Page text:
Published by the Oregon Historical Society:
Michael Helquist, "‘Criminal Operations’: The First Fifty Years of Abortion Trials in Portland, Oregon." Oregon Historical Quarterly, Volume 116, Number 1 (Spring 2015).
Read article (PDF)
Although Oregon adopted its first anti-abortion law in 1854, Portland’s first prosecution of a “criminal operation” (abortion) did not occur for nearly twenty years. The Oregonian coverage of abortion trials from 1870 to 1920 reveal many obstacles prosecutors faced during that time, including lack of sufficient evidence and ambiguities in the state’s anti- abortion law. Through case studies and data collected from Oregonian articles during that time period, Michael Helquist explores Portland’s early abortion trials that “[highlight] the nuanced and disparate reactions of physicians who found themselves on the front lines of abortion services, policies, and enforcement.” Helquist argues that “an understanding of the conflicts over reproductive policy are as important to women’s and the nation’s history as the struggle to achieve woman suffrage and other rights of citizenship.”
Among the physicians who avoided legal problems for their abortion work was Marie Equi, who helped end unwanted pregnancies as part of her commitment to reproductive health services.
Michael Helquist, “Lewd, Obscene and Indecent”: The 1916 Portland Edition of Family Limitation. Oregon Historical Quarterly, Volume 117, Number 2 (Summer 2016).
The Oregon Historical Quarterly presents an analysis of the rare 1916 Portland version of ”Family Limitation,” the birth control pamphlet that significantly shaped American thought, values and behavior. The 16-page document gave thousands of Americans their first access to comprehensive information on preventing pregnancy. Historian Michael Helquist discusses the distinguishing features of this document, as revised by Portland doctor, lesbian, and activist Marie Equi at the request of birth control advocate Margaret Sanger.
Khris Soden and Michael Helquist (Drawn by Khris Soden). Adventures in Family Limitation (History Comic). Oregon Historical Quarterly, Volume 117, Number 2 (Summer 2016).
The first History Comic to appear in the Oregon Historical Quarterly depicts events that occurred during the 1916 visit to Portland by birth control advocate Margaret Sanger. “Adventures” relies on evidence and imagination to portray the lectures, arrests, and rally supporting Sanger. Historian Michael Helquist and historian/artist Khris Soden collaborated on this project.
Michael Helquist, "Portland to the Rescue: The Rose City’s Response to the 1906 San Francisco Earthquake and Fire." Oregon Historical Quarterly, Volume 108, Number 3 (Fall 2007).
Full text available at JSTOR
The damage from San Francisco’s earthquake and fire in 1906 stunned the people of Portland, Oregon. The greatest natural disaster for nearly one-hundred years left 200,000 San Franciscans needing a massive amount of aid, but there was no federal agency or national Red Cross ready to respond. As firestorms raged across the Bay Area, Portlanders organized a comprehensive relief campaign.
"Portland to the Rescue" reveals this little-known episode of Oregon’s history and describes how the Rose City’s tradition of community organizing and “civic housekeeping” led to an outpouring of relief and medical care on a scale seldom seen before the devastation of Hurricane Katrina. One focus of the story is the Oregon Doctor Train – a contingent of doctors and nurses who rushed to the stricken city. The only woman physician among them was Marie Equi, who later received a medal from the U.S. Army for her services.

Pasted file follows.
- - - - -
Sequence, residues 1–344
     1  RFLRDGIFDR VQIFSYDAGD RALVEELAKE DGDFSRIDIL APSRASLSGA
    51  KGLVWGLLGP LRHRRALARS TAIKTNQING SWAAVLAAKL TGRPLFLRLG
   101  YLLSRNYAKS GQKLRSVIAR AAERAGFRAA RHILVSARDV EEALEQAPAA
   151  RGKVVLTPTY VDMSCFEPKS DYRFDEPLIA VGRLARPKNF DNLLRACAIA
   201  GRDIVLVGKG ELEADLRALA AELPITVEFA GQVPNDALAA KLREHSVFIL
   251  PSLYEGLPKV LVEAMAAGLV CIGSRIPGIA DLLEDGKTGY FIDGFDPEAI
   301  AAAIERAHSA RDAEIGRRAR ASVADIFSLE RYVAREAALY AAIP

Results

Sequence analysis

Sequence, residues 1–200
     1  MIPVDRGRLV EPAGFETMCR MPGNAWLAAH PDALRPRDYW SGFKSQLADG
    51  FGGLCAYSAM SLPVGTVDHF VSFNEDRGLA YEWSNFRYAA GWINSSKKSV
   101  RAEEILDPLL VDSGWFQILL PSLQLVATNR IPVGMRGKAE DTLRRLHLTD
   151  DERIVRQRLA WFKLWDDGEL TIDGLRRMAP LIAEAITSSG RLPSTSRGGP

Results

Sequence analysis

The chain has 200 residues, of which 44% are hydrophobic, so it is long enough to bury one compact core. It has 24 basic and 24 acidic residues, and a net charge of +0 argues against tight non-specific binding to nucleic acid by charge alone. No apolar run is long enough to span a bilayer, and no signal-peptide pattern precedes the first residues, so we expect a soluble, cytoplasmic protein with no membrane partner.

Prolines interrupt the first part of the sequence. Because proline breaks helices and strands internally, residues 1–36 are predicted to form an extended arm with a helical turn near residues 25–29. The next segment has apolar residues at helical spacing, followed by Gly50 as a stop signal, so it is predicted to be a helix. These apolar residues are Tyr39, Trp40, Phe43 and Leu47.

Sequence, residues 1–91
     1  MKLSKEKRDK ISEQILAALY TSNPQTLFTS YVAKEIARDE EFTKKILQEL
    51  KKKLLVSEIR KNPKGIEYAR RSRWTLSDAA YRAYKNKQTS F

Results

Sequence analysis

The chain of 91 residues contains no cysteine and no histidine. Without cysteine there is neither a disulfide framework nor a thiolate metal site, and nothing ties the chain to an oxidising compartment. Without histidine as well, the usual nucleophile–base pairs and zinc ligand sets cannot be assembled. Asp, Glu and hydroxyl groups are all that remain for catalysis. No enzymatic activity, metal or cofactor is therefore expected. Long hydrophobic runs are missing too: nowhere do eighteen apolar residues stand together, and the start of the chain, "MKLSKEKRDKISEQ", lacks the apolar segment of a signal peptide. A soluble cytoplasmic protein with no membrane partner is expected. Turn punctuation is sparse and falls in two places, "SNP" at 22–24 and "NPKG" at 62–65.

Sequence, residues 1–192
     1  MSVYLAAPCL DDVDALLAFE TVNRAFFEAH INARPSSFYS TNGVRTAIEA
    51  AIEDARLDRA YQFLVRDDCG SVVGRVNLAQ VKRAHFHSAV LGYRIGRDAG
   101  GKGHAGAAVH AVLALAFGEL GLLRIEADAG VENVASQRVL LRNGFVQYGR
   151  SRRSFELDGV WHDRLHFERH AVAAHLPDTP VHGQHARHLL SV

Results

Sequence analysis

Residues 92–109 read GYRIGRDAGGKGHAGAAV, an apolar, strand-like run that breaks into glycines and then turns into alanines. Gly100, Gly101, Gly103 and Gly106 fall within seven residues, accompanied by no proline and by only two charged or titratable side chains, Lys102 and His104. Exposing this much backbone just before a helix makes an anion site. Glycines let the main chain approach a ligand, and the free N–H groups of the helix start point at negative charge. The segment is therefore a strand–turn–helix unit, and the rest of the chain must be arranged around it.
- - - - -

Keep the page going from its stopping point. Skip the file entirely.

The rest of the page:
Presented in the lecture series at the OHSU Historical Collections & Archives, Oregon Health & Science University:
Michael Helquist. "KAJ Mackenzie, Marie Equi, and the Oregon Doctor Train: Portland’s Response to the 1906 San Francisco Earthquake." Presented May 12, 2006.
Oregon doctors and nurses volunteered for potentially hazardous duty in San Francisco after the devastating 1906 earthquake and fire. This lecture describes the individuals and their experiences in the disaster zone, and the mixed reception for some of Portland's top medics.
Presented at the Eureka Valley/Harvey Milk Memorial Branch Library of the San Francisco Public Library:
Michael Helquist, "Lesbian to the Rescue." Presented April 11, 2006.
As part of San Francisco's series of centennial commemorations of the earthquake and fire disaster in 1906, "Lesbian to the Rescue" highlighted the role of Portland's increasingly prominent Dr. Marie Equi as part of the Oregon relief mission to the city. She supervised Oregon nurses stationed at the U.S. Army hospital in the San Francisco Presidio.
Published by The Oregon Encyclopedia
Michael Helquist, Marie Equi (1872-1952). Available online
Michael Helquist contributed a profile of Dr. Marie Equi to the Oregon Encyclopedia, the acclaimed online source of Oregon history:
Dr. Marie Equi was a fiercely independent Oregon physician who was engaged in the political turmoil and social change of the late nineteenth and early twentieth centuries. She was a fearless advocate for woman's suffrage, labor rights, and free speech, and her raucous protests against imperialism and war gave her a reputation in Portland as one of the most outspoken agitators in town.For all her boldness, Equi was a dedicated caregiver who held her profession so dearly that even her close companions called her "Doc.
Published by the Gay Lesbian Archives of the Pacific Northwest (GLAPN)
Michael Helquist, “A Woman of Consequence: Dr. Marie Equi.” Available online
This early article about Marie Equi briefly re-enacts the explosive incident in post-frontier Oregon when Equi protested the mistreatment of her woman companion by horsewhipping Rev. O.D. Taylor, a local school superintendent.